Monday, March 16, 2009
For some inexplicable reason I have been watching "American Idol" this season. Other than some of the preliminary rounds with all the awkward, tone deaf William Hungs believing they can actually win a recording contract, I've pretty much ignored the program. This year the nephew of one of my husband's patients, Danny Gokey, is on the show, so I guess that's the curiosity. What I've discovered is that the real point of the series isn't for the contestants to win. No, it's for the public to judge them and not just with a weekly vote. Idol bashing has risen to the status of a new public sport. Each contestant is run through the ridicule mill facing criticism about wardrobe, dance, tattoos, voice, facial hair, hair, hair color, and personality. Simon Cowell doesn't even figure in these slam downs. Normally thoughtful and rational people suddenly become nasty, back-biting fiends when they discuss the show.
Reality shows in general bring out the armchair critic in us. We have an opinion about every aspect of someone's else life just because we can. Having "The Bachelor" in our living rooms one hour a week for twelve weeks gives us the right to decide who his wife should be. We can get as upset about someone getting voted out of the tribe as we would if it were our own mother being sent to the gulags. So perhaps it is no surprise that we find ourselves offering up our critiques on an eight year old's ability to pass under pressure or a coach's choices for the starting line-up. We have been validated as experts. After all, the fate of America's Idol rests in our hands!
We live in a media world where people's fates can be decided with the beep of a buzzer or a cell phone call to the number on the screen. We zap our enemies instantly on the video screen. We can order anything (and I mean that literally) on Ebay with a few clicks of our mouse. So it's no wonder we think we have the right to offer running commentary on our child's soccer game.
Stand on the side lines of any soccer game and you will hear a chorus of opinions freely and loudly expressed. We criticize the opponents. We criticize our fellow players. We criticize the coaches. We criticize the referees. We even criticize the parents. You've heard the comments and, admit it, you've made the comments. "He can't pass." "She's a ball hog." "I swear I could coach better than he can." And those are the just the observations I can repeat on a family web site. The more passionate we become, the more X-rated the vocalizations grow. We forget we aren't in our living room shouting at the screen, "He's an idiot for picking her." When we're at the soccer field we're in a crowd of people who actually love "the idiot" and think he's doing a bang up job.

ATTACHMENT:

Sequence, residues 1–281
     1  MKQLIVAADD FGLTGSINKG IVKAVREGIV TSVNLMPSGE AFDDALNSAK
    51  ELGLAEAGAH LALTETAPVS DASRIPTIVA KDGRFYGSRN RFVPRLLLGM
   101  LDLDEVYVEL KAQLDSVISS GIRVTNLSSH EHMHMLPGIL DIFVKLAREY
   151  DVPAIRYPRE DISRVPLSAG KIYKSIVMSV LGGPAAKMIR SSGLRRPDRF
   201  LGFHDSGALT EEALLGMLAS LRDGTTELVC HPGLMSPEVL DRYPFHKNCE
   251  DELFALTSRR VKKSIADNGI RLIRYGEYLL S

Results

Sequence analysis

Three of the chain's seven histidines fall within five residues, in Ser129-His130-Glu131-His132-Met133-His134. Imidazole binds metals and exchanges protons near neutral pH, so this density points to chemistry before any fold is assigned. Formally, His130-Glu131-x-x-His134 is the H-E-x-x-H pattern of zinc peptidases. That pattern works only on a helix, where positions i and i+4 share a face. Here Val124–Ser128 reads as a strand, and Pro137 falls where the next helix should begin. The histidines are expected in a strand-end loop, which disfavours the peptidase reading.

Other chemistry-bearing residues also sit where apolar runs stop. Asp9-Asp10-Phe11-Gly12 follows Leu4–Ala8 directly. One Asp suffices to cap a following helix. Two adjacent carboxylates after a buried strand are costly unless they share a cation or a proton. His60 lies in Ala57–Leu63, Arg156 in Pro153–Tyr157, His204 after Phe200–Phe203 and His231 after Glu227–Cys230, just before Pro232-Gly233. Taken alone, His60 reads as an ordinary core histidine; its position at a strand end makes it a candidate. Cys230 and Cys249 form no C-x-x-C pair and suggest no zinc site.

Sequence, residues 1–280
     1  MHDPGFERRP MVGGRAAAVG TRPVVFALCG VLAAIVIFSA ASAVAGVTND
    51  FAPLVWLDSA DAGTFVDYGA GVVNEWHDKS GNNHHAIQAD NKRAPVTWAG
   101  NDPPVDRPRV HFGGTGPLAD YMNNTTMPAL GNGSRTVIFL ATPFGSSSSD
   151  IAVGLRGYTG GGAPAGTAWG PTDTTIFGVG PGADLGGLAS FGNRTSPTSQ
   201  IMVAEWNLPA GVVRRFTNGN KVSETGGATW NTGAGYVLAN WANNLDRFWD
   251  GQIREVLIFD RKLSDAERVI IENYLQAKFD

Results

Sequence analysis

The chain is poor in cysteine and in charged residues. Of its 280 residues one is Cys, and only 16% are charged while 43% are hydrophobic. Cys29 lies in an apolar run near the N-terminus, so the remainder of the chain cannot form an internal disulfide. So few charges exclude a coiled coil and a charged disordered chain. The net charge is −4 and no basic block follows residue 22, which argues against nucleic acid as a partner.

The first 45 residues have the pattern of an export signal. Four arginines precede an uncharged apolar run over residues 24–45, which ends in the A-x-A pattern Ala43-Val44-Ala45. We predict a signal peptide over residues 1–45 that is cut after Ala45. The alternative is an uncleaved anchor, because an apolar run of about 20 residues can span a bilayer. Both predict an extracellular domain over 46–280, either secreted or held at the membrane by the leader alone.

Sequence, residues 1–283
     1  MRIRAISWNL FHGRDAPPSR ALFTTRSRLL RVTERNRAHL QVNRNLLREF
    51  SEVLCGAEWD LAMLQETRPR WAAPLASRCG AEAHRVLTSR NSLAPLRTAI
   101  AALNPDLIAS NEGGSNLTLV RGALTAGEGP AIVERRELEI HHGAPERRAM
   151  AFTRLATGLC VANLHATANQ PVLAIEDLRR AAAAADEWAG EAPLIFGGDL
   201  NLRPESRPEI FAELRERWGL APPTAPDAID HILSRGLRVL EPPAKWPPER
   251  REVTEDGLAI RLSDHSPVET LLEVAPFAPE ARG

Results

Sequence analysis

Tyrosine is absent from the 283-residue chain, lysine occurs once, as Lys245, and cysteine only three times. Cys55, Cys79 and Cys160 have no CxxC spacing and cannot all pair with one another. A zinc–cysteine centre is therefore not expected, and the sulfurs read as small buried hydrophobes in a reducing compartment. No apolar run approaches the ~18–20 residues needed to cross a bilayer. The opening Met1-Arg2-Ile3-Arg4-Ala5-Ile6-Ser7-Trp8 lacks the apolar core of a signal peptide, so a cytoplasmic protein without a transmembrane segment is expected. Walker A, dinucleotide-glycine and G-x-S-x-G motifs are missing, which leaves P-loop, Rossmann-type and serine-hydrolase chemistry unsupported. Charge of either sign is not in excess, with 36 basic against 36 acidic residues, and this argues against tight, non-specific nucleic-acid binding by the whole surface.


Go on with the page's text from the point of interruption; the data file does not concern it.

Most players are too young and too innocent to be the object of our judgment. How often have you spent the ride home in the car critiquing the entire game and judging the individual player performances? Such evaluations can model for our impressionable children undesirable behaviors. They are learning to aim the magnifying glass at others, rather than on themselves. And if you think those comments don't spread beyond the car, then you live in a fool's paradise. Of course sometimes we make our comments public. Sideline chatter regularly turns to assessments of the players, frequently focusing on the opposition. The problem is that in the close confines those comments might be overheard by the parent of our target. Those stinging remarks can affect relationships not to mention stirring up immediate conflict. I've seen my share of sideline battles brought on by an overheard observation. I came close to erupting when someone accused my eleven year old son of "flopping." I was surprised at how much I was personally offended by the remark. It showed me the power of words.
We grow up hearing "sticks and stones may break my bones, but words will never hurt me," which is a noble concept and totally unrealistic. Words hurt us all the time. We have all been the object of some form of ridicule which you think would give us pause when dishing it out. But our culture and the sense that in this huge world we are somehow anonymous embolden us. We may express our views in hushed tones under our breath to the person next to us and believe it won't go any further, but the grape vine curls everywhere. Our words have tremendous power to harm. While we'll never be able to totally stop the urge to criticize, we can all try to be more mindful of where and when we exercise our expertise. So keep delivering those reality show verdicts. After all, Simon Cowell's balance sheet depends on your continued disparagement of the contestants.